The DP&L command center building in Moraine. TY GREENLEES / STAFF

Long after approval, a DP&L charge remains hotly contested

Even though an “electric security plan” for Dayton Power & Light (DP&L) was approved 18 months ago, the plan is still being litigated before state regulators today because one facet of the plan, a monthly charge, remains opposed.

IGS, Interstate Gas Supply, withdrew from a settlement approved by the Public Utilities Commission of Ohio (PUCO) in October 2017, a plan meant to govern how much DP&L can charge customers until Oct. 31, 2023.

RELATED: Bankruptcy could upend DP&L-industry power plant pact

IGS opposes a PUCO modification to the plan that imposes a reconciliation rider — a charge meant to cover the operation of decades-old coal plants operated under the Ohio Valley Electric Corp. — on all consumers.

OVEC is a cooperative corporation which includes DP&L, AEP, Duke, and FirstEnergy Solutions, among others responsible for the joint operation of two 60-plus-year-old coal-fired power plants.

A hearing last week before the PUCO in Columbus focused on continued opposition to that charge.

RELATED: New DP&L plan raises rates, state agency says

According to a transcript of the hearing, on cross examination, Ross Willis, a regulatory analyst for the Office of the Ohio Consumers’ Counsel, said: “We oppose the reconciliation rider because we believe it’s a — a subsidy to subsidize uneconomic 1950s coal plants, and it’s not in the best interest of consumers.”

In 2017, the PUCO modified the settlement, making the reconciliation charges non-bypassable, meaning everybody must pay the charge, which totals $9 million over the duration of DP&L’s electric security plan.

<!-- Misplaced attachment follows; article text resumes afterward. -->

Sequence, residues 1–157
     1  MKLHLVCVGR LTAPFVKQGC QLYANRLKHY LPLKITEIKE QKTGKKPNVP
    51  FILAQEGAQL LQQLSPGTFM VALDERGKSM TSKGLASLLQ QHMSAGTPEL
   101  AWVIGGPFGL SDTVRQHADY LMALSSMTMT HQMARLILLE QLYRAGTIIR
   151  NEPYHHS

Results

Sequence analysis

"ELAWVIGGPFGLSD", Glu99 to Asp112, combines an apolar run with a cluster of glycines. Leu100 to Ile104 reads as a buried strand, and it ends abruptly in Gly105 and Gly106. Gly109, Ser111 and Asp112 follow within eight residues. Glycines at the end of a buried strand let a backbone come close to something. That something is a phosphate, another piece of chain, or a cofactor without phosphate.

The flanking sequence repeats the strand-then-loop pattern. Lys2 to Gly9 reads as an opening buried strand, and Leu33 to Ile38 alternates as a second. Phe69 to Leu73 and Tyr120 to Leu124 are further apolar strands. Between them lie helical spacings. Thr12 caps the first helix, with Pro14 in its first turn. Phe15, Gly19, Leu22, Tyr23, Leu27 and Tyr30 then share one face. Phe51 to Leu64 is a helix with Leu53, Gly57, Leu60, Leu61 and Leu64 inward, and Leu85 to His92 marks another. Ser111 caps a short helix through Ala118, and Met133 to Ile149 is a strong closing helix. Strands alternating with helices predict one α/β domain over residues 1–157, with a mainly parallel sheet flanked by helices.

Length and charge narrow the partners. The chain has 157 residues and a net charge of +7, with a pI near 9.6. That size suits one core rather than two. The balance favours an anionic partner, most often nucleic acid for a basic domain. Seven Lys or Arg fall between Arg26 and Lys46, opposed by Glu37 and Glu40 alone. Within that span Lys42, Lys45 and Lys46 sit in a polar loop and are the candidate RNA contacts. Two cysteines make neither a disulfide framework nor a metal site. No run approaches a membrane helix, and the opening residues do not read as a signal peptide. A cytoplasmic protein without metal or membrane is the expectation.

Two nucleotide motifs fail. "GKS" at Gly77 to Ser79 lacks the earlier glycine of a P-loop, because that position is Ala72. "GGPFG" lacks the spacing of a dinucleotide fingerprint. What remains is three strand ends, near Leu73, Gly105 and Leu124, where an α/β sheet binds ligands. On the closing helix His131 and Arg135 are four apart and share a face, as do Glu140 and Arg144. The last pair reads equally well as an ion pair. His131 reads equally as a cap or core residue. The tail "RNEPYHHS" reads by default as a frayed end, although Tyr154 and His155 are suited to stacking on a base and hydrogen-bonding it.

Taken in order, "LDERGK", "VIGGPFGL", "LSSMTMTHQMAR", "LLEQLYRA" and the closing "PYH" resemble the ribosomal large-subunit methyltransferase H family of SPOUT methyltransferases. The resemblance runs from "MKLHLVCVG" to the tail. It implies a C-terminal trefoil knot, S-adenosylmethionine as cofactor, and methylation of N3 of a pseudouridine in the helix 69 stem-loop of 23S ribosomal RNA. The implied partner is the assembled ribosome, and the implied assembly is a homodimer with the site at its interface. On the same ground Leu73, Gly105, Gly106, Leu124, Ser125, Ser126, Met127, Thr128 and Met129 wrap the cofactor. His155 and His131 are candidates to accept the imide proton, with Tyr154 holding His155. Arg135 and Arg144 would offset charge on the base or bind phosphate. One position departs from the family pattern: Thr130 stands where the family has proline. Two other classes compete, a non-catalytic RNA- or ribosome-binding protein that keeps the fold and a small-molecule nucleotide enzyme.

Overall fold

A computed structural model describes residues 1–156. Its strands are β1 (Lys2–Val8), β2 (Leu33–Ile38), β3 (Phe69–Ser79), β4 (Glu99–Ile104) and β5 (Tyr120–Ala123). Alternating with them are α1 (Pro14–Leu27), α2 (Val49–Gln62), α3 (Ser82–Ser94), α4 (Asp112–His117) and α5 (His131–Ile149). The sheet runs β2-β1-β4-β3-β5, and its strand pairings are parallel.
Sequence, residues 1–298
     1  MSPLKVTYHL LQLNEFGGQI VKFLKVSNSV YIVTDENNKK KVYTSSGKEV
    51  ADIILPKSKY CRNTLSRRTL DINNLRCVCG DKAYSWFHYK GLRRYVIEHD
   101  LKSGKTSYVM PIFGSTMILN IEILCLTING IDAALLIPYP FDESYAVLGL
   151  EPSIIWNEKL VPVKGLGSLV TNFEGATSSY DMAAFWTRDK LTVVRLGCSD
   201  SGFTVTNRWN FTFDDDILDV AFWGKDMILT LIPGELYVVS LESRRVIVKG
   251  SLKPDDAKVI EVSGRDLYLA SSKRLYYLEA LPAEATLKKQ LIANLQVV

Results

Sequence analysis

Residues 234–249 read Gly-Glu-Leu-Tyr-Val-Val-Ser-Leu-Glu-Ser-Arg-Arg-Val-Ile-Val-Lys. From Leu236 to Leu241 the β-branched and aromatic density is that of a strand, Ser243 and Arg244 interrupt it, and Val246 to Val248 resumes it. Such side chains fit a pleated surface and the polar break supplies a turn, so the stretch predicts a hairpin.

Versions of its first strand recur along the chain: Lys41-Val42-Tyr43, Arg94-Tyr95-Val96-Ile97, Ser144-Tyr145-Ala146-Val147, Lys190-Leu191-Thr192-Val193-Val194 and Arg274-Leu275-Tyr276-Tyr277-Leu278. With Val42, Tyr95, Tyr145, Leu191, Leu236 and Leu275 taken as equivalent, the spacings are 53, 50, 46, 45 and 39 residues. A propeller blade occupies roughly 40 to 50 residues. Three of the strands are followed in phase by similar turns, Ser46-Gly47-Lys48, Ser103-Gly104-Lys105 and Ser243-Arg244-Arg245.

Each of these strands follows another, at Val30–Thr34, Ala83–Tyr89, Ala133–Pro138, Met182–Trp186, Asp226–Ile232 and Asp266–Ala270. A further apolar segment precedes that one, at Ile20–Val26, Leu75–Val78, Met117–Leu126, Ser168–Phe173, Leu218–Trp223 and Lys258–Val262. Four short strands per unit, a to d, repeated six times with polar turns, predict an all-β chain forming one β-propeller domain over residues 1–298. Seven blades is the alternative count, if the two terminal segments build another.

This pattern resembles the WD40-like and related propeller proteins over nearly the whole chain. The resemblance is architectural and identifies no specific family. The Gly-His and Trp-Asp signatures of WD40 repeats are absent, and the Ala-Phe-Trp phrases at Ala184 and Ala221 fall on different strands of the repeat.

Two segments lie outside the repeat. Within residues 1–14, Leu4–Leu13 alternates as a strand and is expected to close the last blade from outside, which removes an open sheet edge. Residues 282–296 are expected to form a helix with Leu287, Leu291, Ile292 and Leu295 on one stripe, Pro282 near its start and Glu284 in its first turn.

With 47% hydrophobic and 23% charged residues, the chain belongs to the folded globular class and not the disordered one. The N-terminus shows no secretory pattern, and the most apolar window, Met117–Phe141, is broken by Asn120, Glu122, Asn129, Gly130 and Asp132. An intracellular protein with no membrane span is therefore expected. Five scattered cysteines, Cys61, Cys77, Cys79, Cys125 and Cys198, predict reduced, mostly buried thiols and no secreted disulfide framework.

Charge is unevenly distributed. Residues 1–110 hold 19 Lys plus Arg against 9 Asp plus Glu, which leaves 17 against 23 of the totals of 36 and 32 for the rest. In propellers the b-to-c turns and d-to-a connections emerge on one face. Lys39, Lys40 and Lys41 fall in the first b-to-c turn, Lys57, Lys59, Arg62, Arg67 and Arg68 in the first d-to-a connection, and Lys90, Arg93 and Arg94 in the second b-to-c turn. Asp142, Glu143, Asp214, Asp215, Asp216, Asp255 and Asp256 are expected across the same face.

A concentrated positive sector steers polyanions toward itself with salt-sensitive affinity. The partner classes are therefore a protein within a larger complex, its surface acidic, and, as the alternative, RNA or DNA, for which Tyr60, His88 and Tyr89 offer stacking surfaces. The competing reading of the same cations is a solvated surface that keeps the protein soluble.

That amounts to about $8.12 a year for residential consumers who use an average of 1,000 kilowatt-hours a month, a typical measuring yardstick in energy circles.

Bruce Weston, who serves as the Ohio Consumers’ Counsel, said his office continues to oppose the rider, calling it a “charge for consumers to subsidize coal power plants.”

“It’s a bailout, it’s a customer-funded subsidy for power plants that can’t succeed in the market on their own,” Weston told this news outlet in a statement. “We’re pro-competition, we’re anti-subsidy, anti-bailout. For consumer protection, the electric utilities’ subsidy culture should end.”

The office also opposes House Bill 6, which opponents see as subsidizing Lake Erie nuclear power plants operated by bankrupt FirstEnergy Solutions.

Mike Haugh, an expert witness for the consumers’ counsel’s office, testified against HB 6 Wednesday. He testified before the Ohio House Energy and Natural Resources Subcommittee on Energy Generation.

“Subsidies disrupt markets and in turn harm Ohio customers,” Haugh said. “Since 1999, consumers have paid Ohio electric utilities over $15 billion in subsidies.”

Another opponent of House Bill 6: The American Association of Retired Persons (AARP).

“Our position is simply this: any legislation that would impose a tax or surcharge paid by utility customers—including residential, commercial and industrial customers—would raise prices for your constituents while citizens of other states that receive power generated by Ohio’s nuclear plants pay lower rates for their electricity,” Barbara Sykes, AARP Ohio director said in an April 11 letter to House Speaker Larry Householder and others.

“That is patently unfair — why should Ohio customers supplement the electricity bills for those living in other states?” Sykes added.

Messages seeking comment were left Wednesday for representatives of DP&L and IGS.

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